And while former US Ambassador Jeffrey Lunstead seems to have referred to Eric Solheim’s observation that “President Rajapaksa meant well and wanted peace but has a ‘shallow understanding’ of the ethnic issue”, the question needs to be asked: what sort of understanding did the Norway have about the LTTE and its long term goals? It does not come as a surprise then to learn that US Ambassador in Oslo, K. Whitney, had thought that: “Norwegians do not generally see any threats. For example, they do not see a danger from terrorism”, and that Norway “revels in its self-described role as the ‘moral superpower’…”
Even the demeanour of Norwegian diplomatic officials based in Colombo has been severely criticized, by Dr. Ratnajeevan Hoole. Dr. Hoole stated before the LLRC (on 12 Nov., 2010) that he “felt treated like a mangy stray dog shut out at the palace gates”. This had happened when he approached the Norwegian Embassy in Colombo to complain about LTTE trying to scuttle his appointment as Vice Chancellor of the Jaffna University. The officials “would not even open the gates to let me speak to anyone of substance”, recounts Dr. Hoole, further stating that he has, to date, never received a reply nor acknowledgment of the note he was asked to write and leave outside the gates of the Embassy.
All this and more suggests that any international investigation should start with a complete and thorough investigation of these Western powers which were unwilling to assess the LTTE, its tactics, its long term goals, with the kind of seriousness that responsible international actors would, and should, have done. Alas, such international investigations which try to hold these international actors accountable, however necessary, would not take place. That much, we all know. Thus, ‘International investigations’ which do not, inter alia, investigate the above cannot be acceptable.
Yet, should that history that has been further revealed by Wikileaks, a history which is behind us, hamper our relations with the West? Shouldn’t we move on, having realized the true nature of these actors? We should. And if moving on is difficult, let us revisit some of those very cables which were quoted above, and focus on some positives which might help us overcome, to some extent, the anger that is obviously generated due to the hypocrisy exhibited by these powers.
For example, one needs to appreciate the following: that “Norwegian society values dialogue above all … Norwegians are extremely opposed to the use of military force to achieve goals, no matter how laudable…” (as stated by Ambassador Whitney: but tell that, again, to Dr. Hoole!). Or else, one might need to focus on what Jan Petersen wrote to LTTE’s Anton Balagsinham, in a letter dated 16 August 2005, concerning the assassination of Minister Lakshman Kadirgamar: “[P]ublic perception both in Sri Lanka and internationally is that the LTTE is responsible. This public perception is a political reality… If the LTTE does not take a positive step forward at this critical juncture, the international reaction could be severe.” Well, the LTTE did not. And one knows the kind of domestic reaction and response that the terrorist group had to confront, a few years later.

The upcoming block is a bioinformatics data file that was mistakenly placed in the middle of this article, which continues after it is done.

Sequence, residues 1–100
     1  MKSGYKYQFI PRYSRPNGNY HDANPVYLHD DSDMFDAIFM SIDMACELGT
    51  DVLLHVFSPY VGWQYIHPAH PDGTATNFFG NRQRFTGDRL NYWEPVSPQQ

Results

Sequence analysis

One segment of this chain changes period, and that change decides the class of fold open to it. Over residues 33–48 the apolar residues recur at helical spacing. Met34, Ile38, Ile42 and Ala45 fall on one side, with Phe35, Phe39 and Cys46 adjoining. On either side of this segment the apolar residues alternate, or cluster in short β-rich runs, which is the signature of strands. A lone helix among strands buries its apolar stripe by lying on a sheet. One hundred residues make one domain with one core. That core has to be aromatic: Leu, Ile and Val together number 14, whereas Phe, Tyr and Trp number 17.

Attaching the label ‘friend’ or ‘enemy’ does not help us over much. For that, we would in any case need more information about what other envoys in Sri Lanka are informing their respective political masters. Friends too have their ulterior motives, and a ‘friend’ that has supported our fight against terrorism will turn out to be an ‘enemy’ if it now wishes to carry out policies which are not in the best interest of the country. Identity, like anything else, is in constant flux. Hence, while not forgetting what these powers are and how they acted and what they are capable of, it is time to move on.
Yet, there is one final matter. While rejecting the calls for an international investigation, Sri Lanka should not, however, reject the importance of holding necessary domestic investigations and inquiries. The issue of human security is paramount, and kidnappings, killings and abductions of innocent Tamil citizens should be investigated by the State, as it should be the case as regards any other citizen belonging to any other ethnic group. ‘NO’ to an international investigation should not mean ‘NO’ to domestic investigations and inquiries concerning allegations raised by people within the State.
Those who may have been harmed during the conflict, or those who are reportedly being abducted or killed today, are citizens of Sri Lanka. If the Government of Sri Lanka cannot protect them, who will? And in this regard, the government does not need to turn to the reports compiled by those international organizations which are unwilling to appear before the LLRC. The government only needs to listen to the voices of the innocent and helpless people, in the Northern and Eastern parts of the country in particular. Sri Lanka has nothing to lose by addressing those enduring concerns of security raised by her own people. Sri Lanka will have the hearts of people – in short, ‘a world’ – to win.